The Dark Knight - The Berghoff
Lieutenant Gordon (played by Gary Oldman) arrests Maroni and his mobsters inside the dining room at Berghoff Restaurant at 17 West Adams Street.
The Dark Knight - The Chicago Theater
Harvey Dent (played by Aaron Eckhart) and Rachel Dawes (played by Maggie Gyllenhaal) try to see the ballet at the Chicago Theater at 175 North State Street, but Bruce Wayne (played by Christian Bale) takes the entire cast on a cruise ship. The theater's entrance is clearly shown in this seen.
The Dark Knight - The Funeral Procession
In "The Dark Knight," the Board of Trade Building at South LaSalle Streeet and Adams Street serves as the backdrop for a funeral procession that quickly erupts into chaos.
The Dark Knight - The Joker Crashes Harvey Dent's Party
Bruce Wayne (played by Christian Bale) hosts a campaign fundraising party for Harvey Dent (played by Aaron Eckhart) in his posh penthouse, located (in real life) at Hotel 71 at 111 East Wacker Drive. Unfortunately, the Joker (played by Heath Ledger) had other plans.
The Dark Knight - Various Offices
This building at 330 North Wabash Avenue contains the offices of Harvey Dent (Aaron Eckhart), the police commissioner, the mayor of Gotham, and Bruce Wayne's (Christian Bale) boardroom.
The Dark Knight - Wayne Enterprises and City Courtroom
The Richard J. Daley Center at 50 West Washington Street is home to Wayne Enterprises' headquarters, and the courtroom in which Harvey Dent (Aaron Eckhart) does his thing against Maroni.
The Dark Knight Scene at Willis Tower
Batman (Christian bale) stands on the ledge of the Willis (*cough*Sears*cough*) Tower at 233 S Wacker Drive and scans the entire city of Chicago right before jumping and flying into CGI goodness.
The Untouchables - Al Capone's Pep Talk
Al capone (Robert De Niro) gives a pep talk to his henchmen in the crystal ballroom of the Blackstone Hotel at 636 South Michigan Avenue.
The Untouchables - Eliot Ness Confronts Al Capone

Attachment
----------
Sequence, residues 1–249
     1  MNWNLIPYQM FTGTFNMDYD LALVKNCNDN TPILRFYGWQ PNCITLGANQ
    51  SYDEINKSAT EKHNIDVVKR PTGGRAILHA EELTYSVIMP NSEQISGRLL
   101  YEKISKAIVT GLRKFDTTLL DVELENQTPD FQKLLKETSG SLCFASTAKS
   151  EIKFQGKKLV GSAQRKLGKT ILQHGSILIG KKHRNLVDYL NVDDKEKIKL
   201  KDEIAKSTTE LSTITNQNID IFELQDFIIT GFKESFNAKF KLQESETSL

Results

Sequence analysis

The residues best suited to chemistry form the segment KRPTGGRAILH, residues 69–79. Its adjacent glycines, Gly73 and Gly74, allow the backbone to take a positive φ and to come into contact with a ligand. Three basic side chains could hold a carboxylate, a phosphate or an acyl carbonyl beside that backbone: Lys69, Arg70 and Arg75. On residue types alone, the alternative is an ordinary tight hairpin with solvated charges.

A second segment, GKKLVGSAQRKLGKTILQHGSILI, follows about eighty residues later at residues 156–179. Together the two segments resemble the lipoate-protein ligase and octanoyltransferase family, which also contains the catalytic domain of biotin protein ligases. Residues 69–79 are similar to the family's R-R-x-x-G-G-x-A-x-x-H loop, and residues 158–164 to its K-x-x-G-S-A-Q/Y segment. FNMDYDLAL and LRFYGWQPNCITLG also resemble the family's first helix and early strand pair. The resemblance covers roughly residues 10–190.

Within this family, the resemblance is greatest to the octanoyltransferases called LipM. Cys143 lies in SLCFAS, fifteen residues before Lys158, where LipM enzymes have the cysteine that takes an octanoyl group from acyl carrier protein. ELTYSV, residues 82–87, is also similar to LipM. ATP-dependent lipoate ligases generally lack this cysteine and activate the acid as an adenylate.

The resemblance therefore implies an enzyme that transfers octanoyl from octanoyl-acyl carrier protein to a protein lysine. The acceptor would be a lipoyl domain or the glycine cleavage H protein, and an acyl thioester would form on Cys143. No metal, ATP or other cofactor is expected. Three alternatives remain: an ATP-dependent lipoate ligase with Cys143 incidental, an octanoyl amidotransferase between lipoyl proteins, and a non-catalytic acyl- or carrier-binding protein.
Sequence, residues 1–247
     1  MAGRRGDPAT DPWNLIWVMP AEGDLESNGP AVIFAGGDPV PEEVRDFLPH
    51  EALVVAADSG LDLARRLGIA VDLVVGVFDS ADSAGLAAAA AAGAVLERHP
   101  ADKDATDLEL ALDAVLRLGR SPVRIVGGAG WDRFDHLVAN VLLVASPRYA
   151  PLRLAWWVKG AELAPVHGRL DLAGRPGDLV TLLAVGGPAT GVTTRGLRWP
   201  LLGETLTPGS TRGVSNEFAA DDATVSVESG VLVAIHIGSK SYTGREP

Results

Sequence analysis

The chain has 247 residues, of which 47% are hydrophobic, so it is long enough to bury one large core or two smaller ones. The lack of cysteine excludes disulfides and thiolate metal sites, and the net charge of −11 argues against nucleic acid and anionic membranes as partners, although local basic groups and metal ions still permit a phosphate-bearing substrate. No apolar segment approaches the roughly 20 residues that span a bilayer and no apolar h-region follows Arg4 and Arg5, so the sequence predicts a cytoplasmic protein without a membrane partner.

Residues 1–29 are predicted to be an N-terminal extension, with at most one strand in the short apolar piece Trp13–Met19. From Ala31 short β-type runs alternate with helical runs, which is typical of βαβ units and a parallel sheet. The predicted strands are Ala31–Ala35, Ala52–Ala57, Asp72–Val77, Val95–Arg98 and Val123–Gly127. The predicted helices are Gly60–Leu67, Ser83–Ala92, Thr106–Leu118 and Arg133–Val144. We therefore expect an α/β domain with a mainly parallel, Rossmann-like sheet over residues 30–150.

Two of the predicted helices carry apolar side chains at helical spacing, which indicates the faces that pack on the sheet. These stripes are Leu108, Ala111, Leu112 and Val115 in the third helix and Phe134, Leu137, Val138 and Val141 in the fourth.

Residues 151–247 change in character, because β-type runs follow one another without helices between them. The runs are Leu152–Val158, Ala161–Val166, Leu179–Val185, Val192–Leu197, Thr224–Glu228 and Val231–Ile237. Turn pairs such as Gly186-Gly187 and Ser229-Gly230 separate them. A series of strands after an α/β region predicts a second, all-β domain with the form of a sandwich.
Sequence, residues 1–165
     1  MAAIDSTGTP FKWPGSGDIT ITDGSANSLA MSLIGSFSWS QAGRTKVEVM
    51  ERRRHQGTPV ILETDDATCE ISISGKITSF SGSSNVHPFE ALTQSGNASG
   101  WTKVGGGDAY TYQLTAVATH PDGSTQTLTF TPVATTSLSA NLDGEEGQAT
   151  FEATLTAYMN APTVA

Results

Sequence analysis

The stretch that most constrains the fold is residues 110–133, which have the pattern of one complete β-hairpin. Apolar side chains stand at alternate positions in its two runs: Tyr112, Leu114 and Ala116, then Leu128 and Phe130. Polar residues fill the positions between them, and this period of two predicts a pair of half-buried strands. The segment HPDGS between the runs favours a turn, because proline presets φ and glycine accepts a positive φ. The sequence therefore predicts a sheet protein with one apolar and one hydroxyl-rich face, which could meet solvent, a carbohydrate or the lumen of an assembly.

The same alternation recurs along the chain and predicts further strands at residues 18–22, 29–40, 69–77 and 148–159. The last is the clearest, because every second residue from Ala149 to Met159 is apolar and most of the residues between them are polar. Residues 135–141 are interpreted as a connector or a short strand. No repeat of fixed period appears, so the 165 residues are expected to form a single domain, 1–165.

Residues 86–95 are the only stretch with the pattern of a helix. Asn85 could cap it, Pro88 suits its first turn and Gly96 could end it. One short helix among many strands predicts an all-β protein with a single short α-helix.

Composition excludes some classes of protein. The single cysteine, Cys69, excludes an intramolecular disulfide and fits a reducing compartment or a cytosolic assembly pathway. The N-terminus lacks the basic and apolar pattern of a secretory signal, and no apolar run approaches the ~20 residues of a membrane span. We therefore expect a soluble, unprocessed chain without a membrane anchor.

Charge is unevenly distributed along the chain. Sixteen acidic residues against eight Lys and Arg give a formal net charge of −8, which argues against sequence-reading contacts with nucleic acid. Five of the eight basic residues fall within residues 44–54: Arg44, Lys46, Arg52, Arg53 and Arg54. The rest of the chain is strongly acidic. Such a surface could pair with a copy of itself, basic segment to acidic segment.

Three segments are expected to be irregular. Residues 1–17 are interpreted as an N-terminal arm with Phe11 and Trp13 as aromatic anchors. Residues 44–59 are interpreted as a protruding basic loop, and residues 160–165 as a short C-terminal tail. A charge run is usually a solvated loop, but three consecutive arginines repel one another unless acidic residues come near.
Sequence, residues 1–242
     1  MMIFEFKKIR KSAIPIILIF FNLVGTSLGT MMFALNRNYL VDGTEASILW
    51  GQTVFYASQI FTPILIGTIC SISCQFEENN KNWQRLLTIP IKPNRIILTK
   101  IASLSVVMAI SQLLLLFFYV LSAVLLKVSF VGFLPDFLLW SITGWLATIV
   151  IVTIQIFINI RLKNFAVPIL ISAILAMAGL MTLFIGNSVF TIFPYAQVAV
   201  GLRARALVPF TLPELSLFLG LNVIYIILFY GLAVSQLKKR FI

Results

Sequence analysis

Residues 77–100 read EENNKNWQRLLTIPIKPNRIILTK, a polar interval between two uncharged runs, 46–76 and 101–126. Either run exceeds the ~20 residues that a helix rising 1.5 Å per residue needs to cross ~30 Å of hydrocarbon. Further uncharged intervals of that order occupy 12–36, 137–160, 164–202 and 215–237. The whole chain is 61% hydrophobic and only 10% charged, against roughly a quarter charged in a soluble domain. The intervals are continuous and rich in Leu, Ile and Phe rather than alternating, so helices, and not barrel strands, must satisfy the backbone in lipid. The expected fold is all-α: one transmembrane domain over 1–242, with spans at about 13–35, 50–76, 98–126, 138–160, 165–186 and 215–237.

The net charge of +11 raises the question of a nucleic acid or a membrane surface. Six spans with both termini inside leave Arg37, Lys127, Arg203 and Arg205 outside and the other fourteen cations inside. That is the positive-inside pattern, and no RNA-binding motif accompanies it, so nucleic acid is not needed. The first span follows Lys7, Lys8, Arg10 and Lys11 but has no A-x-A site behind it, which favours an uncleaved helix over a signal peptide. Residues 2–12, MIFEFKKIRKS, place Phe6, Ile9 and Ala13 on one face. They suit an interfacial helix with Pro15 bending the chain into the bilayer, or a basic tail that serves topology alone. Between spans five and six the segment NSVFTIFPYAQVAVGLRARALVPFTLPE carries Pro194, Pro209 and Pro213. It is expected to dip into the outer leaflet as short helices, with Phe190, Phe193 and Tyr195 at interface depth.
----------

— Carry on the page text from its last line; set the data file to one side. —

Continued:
Eliot Ness (Kevin Costner) confronts Chicago crime lord Al Capone (Robert De Niro) in Capone's hotel, "The Lexington," which is the foyer of Roosevelt University at 430 South Michigan Avenue.
The Untouchables - Liquor Raid
Eliot Ness (Kevin Costner) leads a successful liquor raid on the "U.S. Post Office" in the City National Bank and Company Trust Building at 208 South Lasalle Street.
The Untouchables - Police Headquarters
Eliot Ness's (Kevin Costner) police headquarters is in the Rookery Building at 209 South Lasalle Street.
The Blues Brothers--Bluesmobile jumps a police car
Jake and Elwood jump the Bluesmobile over a police car.
The Dark Knight--Illinois Center buildings, building two
The Joker (heath ledger) crashes Harvey Dent's (aaron eckhart) posh fundraiser at the Illinois Center Buildings, Building 2.
History in the Chicago Loop
Alfredo Capitanini was born in Sao Paolo, Brazil, but moved to Florence, Italy as a child. After serving in the Italian Army during the First World War, he emigrated to the United States in 1924 to escape from Benito Mussolini’s fascist regime. He settled in Chicago and found work as a dishwasher before opening the Italian Village restaurant at 71 West Monroe Street in the Loop neighborhood of Chicago in 1927.
William Mitchell went into the restaurant business in 1923 by opening a diner that he named after his son, Lou. The entire Mitchell family was involved in the operation, and in 1949 the thriving eatery moved directly across the street to 565 West Jackson Street in the Loop, from which it continues to serve hungry patrons today.